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  • irishtimes.com - Posted: February 1, 2010 @ 12:05 pm

    Up in the Polls and Up in the Air

    Deaglán de Bréadún

    The latest Sunday Business Post poll as well as the last poll in The Irish Times show a modest revival in Fianna Fail’s standing with the public. Clearly they will be hoping to hang in for as long as possible and stave off the general election until they are in a position to win or at least emerge with only minimal damage.It’s a challenge for the Opposition parties to maintain their momentum. Not an easy task when Government has all the power and therefore holds most of the aces.

    I have been reading Bertie Ahern’s account of the Reynolds-Spring government of 1992-94. The relationship between the two party leaders at that time was such that a  break-up was more or less inevitable.

    The interaction between Cowen and Gormley and between FF and the Greens seems rather better, on the surface.  There was an interesting story by Eamon Keane in the Sunday Independent yesterday where he suggested Dan Boyle had threatened to resign over the banking inquiry. Dan is a Senator and not in Cabinet (although he could be) but if  he quit it would  have had a destabilising effect. (Yes, yes, I  know the cynics will dismiss Dan as a Paper Tiger who talks the talk but doesn’t walk the walk: the same cynics should form their  own party, it would be the biggest of the lot.)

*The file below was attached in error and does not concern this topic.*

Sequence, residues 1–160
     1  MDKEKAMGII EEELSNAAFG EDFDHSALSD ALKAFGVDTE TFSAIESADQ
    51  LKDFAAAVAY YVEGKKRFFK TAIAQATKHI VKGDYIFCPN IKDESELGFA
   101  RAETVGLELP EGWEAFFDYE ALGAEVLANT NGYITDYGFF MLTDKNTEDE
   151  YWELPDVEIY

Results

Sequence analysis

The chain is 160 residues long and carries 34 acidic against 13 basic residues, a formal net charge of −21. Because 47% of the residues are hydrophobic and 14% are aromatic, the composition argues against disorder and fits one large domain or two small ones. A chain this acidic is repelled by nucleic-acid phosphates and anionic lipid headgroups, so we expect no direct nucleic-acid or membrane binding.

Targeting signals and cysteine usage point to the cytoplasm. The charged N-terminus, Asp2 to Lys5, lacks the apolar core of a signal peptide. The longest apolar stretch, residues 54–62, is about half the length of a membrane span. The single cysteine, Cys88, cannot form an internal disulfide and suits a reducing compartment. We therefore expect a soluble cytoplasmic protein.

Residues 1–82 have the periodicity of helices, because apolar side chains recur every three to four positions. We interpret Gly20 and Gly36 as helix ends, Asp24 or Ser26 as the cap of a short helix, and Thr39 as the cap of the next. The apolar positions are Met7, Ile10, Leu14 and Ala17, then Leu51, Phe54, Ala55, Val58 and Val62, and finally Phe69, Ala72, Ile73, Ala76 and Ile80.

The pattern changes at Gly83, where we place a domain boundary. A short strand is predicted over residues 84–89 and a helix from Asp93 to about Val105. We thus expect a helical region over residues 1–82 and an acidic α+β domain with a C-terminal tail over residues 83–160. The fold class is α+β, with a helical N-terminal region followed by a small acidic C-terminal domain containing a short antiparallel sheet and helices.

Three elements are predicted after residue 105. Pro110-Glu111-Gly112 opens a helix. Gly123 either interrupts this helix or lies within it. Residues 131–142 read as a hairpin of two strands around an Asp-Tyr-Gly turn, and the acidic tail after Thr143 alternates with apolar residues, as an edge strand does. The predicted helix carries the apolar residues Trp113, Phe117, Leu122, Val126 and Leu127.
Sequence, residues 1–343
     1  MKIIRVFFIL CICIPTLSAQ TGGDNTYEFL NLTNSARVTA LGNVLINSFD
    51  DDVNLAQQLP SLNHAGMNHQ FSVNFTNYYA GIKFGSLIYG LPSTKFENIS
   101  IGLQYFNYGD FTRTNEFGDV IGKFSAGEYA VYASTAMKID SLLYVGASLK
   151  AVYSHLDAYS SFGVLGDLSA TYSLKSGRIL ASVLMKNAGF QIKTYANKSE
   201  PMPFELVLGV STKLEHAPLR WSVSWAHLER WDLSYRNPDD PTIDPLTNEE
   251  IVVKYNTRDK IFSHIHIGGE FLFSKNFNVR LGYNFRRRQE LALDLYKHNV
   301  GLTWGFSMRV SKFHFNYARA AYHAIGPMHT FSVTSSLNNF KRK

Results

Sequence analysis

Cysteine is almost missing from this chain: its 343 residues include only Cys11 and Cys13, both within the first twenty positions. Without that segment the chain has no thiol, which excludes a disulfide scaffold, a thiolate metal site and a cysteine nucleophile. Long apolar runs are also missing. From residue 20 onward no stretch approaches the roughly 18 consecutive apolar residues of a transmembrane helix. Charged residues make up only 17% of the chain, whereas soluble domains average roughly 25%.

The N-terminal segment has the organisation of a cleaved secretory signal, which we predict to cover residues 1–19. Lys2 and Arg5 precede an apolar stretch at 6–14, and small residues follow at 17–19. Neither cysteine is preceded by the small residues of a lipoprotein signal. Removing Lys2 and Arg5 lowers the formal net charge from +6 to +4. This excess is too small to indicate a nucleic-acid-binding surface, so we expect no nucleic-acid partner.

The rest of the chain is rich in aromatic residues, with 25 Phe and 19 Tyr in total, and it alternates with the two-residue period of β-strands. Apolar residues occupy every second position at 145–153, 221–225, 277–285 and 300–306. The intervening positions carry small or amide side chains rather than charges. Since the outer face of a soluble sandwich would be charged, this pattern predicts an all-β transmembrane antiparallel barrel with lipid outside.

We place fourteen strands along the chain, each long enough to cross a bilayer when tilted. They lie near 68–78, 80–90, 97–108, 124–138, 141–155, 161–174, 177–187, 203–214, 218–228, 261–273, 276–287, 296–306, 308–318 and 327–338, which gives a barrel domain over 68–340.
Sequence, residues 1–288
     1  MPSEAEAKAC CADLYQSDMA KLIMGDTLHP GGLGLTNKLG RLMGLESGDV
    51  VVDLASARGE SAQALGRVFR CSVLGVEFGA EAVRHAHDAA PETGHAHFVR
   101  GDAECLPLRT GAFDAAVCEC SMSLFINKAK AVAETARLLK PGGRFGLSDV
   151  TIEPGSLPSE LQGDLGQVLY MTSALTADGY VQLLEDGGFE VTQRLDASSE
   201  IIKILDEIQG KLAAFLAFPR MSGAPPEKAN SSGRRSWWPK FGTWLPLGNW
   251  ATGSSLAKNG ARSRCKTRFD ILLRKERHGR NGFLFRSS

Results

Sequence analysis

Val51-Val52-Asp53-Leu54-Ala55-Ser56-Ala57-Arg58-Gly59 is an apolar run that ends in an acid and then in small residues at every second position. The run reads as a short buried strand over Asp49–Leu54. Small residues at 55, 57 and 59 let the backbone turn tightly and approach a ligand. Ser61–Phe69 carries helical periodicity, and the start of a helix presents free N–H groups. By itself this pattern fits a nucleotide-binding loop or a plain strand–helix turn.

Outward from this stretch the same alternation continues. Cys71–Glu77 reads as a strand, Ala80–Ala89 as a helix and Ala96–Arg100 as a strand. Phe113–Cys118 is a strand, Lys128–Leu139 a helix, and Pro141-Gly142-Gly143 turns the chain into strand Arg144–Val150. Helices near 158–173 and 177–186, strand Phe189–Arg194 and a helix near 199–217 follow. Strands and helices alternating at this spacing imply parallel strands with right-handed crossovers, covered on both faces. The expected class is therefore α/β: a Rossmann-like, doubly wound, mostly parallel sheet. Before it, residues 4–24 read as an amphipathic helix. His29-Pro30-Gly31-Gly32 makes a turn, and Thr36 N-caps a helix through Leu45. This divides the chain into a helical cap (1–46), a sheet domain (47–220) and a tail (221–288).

Covering the interminable talks in the North must be beyond tedium for the journalists involved. There is such a thing as prolonging the dramatic tension for too long. If and when there is a deal, will anyone care or notice at that stage?

    Aficionados of political film-making should check out Up in the Air and Precious. The former is something of a star vehicle for George Clooney but interesting in its way as a reflection of the  unemployment surge in the US. Precious is a startling portrayal of the life of a group of people (you could hardly call them a family) in the Harlem ghetto in New York City. Quite searing at times. I’m looking forward to seeing Clint Eastwood’s Invictus, on Nelson Mandela.  We had a good lively discussion on the Blog about Eastwood’s last movie, remember?

    • Paul9162 says: